SQL is known for being a query based language built for database communication, and with the intention of facilitating security management. A feature that assists in the framework of SQL databases is known as schema design. Today I will be diving into an in-depth look and analyses of schemas, how to design schemas, and the benefits of schemas in databases and as a foundation for SQL itself. Let’s get started.
What are schemas?
You can think of the dynamic between a schema and database to be similar to a schematic and an assembler. Schemas act as a framework for not only object owner to have a better understanding, but for the database itself. SQL has a built in system which allows for the database and schema to work hand-and-hand to keep communication running.
Reading a schema
When taking a look at the various tables and columns with connected lines, to someone who has never seen a schema before, they may not know the meaning behind it all. So let’s take a look and see what this entails:
Entity: The table of the database.
Field: The column of the entity.
Record: The rows/data values given to their respected fields in a entity.
Primary Key: A value that makes a record unique.
Composite/foreign key: When the data values from one field is needed information for a remote field.
Simple Key: A record which has only one primary key.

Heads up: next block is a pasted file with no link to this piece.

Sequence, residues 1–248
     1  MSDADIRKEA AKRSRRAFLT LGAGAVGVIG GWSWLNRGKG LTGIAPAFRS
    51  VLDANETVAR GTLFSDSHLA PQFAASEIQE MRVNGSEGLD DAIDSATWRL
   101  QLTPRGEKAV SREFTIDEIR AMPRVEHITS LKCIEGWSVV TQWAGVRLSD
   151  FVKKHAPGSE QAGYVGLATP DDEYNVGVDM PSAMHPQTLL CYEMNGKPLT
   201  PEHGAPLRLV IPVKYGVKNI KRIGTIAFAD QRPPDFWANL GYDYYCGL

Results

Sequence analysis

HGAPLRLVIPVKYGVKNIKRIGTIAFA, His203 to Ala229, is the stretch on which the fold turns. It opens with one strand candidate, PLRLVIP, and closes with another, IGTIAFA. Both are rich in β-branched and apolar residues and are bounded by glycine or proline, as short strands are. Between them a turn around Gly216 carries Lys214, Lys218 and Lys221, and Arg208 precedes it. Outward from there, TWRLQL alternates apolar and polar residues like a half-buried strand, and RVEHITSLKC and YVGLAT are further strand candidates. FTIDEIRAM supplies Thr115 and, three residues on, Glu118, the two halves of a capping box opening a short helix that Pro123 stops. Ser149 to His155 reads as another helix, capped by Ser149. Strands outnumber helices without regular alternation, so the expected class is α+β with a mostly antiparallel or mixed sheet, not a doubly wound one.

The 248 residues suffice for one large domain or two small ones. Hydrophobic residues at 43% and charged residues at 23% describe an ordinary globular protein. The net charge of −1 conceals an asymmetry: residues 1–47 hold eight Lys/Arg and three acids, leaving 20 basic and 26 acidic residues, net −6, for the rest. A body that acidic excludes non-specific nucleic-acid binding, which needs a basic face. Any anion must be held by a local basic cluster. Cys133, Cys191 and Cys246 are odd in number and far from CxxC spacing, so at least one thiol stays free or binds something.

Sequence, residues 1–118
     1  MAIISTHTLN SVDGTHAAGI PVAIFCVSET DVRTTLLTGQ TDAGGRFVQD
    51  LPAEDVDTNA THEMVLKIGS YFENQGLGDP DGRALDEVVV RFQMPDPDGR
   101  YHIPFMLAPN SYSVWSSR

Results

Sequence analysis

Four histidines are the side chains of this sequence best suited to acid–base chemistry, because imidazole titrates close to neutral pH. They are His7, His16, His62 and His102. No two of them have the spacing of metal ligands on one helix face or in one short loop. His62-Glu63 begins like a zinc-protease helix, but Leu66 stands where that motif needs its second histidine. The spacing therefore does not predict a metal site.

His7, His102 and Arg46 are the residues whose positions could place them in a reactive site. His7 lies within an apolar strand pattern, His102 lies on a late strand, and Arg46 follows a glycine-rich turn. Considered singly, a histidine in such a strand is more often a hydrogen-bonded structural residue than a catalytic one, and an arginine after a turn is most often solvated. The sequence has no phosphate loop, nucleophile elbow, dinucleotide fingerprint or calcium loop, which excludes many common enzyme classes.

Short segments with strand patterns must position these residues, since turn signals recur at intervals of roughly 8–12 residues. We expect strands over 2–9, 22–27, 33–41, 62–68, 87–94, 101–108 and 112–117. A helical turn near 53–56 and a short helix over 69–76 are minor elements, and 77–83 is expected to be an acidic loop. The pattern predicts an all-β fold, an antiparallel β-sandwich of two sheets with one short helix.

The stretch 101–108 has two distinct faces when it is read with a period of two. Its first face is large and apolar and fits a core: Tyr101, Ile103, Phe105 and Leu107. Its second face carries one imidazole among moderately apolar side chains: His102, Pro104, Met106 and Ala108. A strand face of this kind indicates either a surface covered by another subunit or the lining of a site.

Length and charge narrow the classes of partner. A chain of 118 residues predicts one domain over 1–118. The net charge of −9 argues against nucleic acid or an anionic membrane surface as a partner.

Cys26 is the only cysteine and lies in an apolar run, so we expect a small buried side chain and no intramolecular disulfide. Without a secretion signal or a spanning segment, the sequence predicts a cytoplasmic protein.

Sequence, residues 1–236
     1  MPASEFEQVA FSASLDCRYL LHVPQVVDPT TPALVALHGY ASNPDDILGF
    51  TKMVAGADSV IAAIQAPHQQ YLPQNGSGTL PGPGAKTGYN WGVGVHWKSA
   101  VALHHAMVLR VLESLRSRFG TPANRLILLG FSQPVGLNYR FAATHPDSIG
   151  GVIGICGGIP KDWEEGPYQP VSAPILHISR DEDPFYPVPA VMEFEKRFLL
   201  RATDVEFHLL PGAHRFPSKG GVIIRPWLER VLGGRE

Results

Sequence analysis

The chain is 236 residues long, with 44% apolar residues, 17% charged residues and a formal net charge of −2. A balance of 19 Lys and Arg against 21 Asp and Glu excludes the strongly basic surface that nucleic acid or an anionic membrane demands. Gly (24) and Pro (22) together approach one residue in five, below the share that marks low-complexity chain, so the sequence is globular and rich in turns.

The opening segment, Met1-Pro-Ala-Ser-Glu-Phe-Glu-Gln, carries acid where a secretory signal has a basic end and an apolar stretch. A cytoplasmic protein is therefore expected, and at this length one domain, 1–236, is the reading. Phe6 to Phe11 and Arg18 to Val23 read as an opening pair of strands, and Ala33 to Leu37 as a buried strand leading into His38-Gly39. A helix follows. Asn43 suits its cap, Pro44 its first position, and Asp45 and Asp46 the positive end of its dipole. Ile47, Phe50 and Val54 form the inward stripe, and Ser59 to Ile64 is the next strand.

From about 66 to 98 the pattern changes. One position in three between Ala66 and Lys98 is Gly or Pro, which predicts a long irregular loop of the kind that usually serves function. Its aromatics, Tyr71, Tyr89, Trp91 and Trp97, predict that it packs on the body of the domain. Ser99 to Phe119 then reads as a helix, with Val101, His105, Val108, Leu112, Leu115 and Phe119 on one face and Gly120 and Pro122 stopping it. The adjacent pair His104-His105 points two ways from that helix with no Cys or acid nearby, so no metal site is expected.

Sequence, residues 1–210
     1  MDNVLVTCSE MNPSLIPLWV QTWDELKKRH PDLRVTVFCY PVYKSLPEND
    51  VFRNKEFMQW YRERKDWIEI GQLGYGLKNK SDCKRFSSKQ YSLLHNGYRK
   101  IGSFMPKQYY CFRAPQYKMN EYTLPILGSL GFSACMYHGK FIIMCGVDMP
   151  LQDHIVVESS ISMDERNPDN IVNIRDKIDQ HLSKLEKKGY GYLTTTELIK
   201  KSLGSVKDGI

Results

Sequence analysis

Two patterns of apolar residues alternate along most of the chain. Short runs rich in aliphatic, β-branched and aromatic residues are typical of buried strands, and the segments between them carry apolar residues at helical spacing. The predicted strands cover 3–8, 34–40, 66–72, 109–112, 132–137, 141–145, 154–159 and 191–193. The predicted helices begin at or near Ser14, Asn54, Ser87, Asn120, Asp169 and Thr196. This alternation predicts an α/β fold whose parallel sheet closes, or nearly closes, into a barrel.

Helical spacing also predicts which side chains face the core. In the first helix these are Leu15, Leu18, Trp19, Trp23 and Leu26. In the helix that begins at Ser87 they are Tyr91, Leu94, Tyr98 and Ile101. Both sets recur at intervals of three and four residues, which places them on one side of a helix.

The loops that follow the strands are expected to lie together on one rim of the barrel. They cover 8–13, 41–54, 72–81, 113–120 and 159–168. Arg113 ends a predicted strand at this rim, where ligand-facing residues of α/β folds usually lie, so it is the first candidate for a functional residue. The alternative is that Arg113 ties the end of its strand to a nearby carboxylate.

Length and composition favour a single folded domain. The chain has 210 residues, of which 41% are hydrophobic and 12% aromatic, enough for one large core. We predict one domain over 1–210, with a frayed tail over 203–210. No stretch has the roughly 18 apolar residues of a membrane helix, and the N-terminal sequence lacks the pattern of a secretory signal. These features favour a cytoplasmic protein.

Another useful feature that schemas can provide is the ability to have dynamic entity relationships. For this portion of the blog I will go over several examples of different types of schema relationships:
For the first example shown above is the most basic schema relationship, one-to-one. This is where the foreign key that holds one value being passed on from a parent entity (players) to the child entity (games).
The example shown above depicts the data values of the field full_name in the Runners entity as a foreign key for the field runners in the entity Race. This instance is known as a one-to-many relationship, due to how the runners values are from the records of a remote field only holding one value.
The last example shows how a many-to-many relationship would look. Because there are two fields that hold many values in both entities, in order to keep the time complexity constant and to prevent data from overloading, there would need to be a third-party entity which would hold the ids of both foreign keys.
What to keep in mind about Schemas:
1: Every Database should have a purpose: When making a schema, you should not have any additional or excess data values in the database.
2: Make Keys Equate to Integers: Keys should always equate to integers in your database. That way, the schema will be able to capture the said integer and trace data in a better efficiency.
3: ALL records must have unique keys (no dupes): Never make records have duplicate data. Every field should be unique is some way, where it be the id, name, type, etc.